Finneas steps out of Billie Eilish’s shadow, but he’s got a way to go

Optimist (Interscope Records) ★★★

Unlike most artists releasing their debut album, Finneas O’Connell – known just as Finneas – is already beloved. The 24-year-old might be a brother, producer and songwriter to global phenomenon Billie Eilish, but it’s finally time to step out of her shadow.

By his own account, when he writes songs Finneas is first an actor, putting his perspectives aside for the people he’s writing for – whether that’s Eilish, Justin Bieber or the slew of other artists he’s worked with. He considers their vernacular, motivations and passions when penning lyrics, ensuring that they’re not just retelling stories of his own.

After working with sister Billie Eilish for years, Finneas has released his debut album, Optimist. Credit:Luke Fenstemaker

“If you’re writing and you know that someone else’s voice is going to be the voice telling the story, it should be a language that fits them,” he told Atwood Magazine in 2018.

Now Finneas is ready to just be himself on his debut studio album Optimist.

On opener A Concert Six Months From Now Finneas employs the use of his guitar and tries to put a complicated feeling (which we have all have known too well during the pandemic) into words. It’s a brand of optimism that’s tarnished by reality, where one hopes for the best but knows better. For Finneas it’s about hoping to see his favourite band at the Hollywood Bowl and rekindling an old flame.

Finneas is capable of mimicking his sister’s aloof, whispery lilt, but it’s the way he bellows when his emotions take over that sets him apart. At times his incurable sincerity sounds a little cheesy, as if he’s aping top 40 hits (Someone Else’s Star) but sometimes he strikes the right balance (How It Ends).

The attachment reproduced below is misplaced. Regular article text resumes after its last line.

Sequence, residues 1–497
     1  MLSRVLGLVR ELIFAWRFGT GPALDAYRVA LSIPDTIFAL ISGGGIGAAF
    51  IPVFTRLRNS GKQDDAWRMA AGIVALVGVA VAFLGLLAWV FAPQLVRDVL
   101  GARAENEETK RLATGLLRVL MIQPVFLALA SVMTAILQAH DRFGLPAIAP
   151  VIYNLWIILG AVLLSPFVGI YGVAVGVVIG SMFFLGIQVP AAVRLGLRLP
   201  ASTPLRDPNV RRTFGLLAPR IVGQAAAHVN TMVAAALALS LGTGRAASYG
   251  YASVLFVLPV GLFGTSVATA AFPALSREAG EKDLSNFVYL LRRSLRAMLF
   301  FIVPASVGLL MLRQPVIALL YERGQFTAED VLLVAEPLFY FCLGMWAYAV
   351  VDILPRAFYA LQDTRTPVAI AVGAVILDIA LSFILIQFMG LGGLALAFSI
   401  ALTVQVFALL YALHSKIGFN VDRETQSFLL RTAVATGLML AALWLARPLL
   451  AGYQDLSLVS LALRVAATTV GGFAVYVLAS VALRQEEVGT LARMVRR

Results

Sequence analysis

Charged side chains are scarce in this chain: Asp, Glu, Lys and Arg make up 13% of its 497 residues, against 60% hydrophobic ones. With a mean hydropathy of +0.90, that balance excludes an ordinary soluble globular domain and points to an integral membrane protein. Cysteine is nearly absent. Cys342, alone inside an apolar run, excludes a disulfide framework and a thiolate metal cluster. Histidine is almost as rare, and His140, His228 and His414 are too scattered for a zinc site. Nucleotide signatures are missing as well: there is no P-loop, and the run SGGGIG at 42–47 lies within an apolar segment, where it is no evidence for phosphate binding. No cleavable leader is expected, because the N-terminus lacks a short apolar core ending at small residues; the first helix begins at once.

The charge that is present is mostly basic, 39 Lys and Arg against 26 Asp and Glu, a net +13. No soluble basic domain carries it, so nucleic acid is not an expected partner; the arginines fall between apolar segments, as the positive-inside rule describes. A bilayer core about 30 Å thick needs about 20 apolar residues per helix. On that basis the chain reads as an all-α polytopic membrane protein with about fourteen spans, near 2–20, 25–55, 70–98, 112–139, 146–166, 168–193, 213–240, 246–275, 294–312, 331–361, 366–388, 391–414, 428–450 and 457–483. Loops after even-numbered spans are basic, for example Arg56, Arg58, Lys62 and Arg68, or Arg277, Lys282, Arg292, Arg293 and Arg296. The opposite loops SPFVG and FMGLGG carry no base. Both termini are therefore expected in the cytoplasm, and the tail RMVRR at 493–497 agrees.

Sonically, Optimist is vast and varied. There are surprises like The 90s, which is at first stripped down and punctuated by a sparse clap track before transforming into a frenetic EDM song complete with autotune. Here Finneas romanticises what life was like before the internet. He continues the scathing assessment of online fans with Medieval, where he compares himself to a king fated to be dethroned.

Finneas does cast his net a little wider on The Kids Are All Dying, a buoyant piano-laden jaunt. Frustrations pour out towards the far right, politicians and the tangled web of internet semantics. Though what begins as tongue-in-cheek ends up being self-flagellating: “I know my pool is heated/Business class is where I’m seated/And I’m whiter than the ivory on these keys.”

Optimist is a genre-a-minute record and swings between hits and misses. Credit:

The au courant ennui continues on the ironically upbeat Happy Now? “I take a drive around town in my douchebag car/Like the superstar that I pretend to be,” he confesses. “Nothing feels better than buying love.” Meanwhile, stadium-ready Hurt Locker is a little cheesy and predictable but allows Finneas to show off his soaring balladry.

It’s a genre-per-minute album and a little disjointed, the only common theme being the incessant navel-gazing.

That’s not to say there aren’t moments of pure brilliance. Love is Pain is uniquely raw and confessional, as Finneas broods on the insurmountable hurt that familial and romantic love brings; Peaches Etude is a strikingly gorgeous yet solemn instrumental piano piece that, despite feeling odd on a pop album, is simply refreshing.

But this moment of respite points to a bigger issue. Unlike those who’ve voiced his lyrics, Finneas isn’t quite capable of being the main character. The record isn’t just fragmented, but it’s easy to grow weary of the plethora of complaints and humble brags on a debut effort. Is he ready to be a superstar? Maybe – but first, he’s got to give people something to root for.

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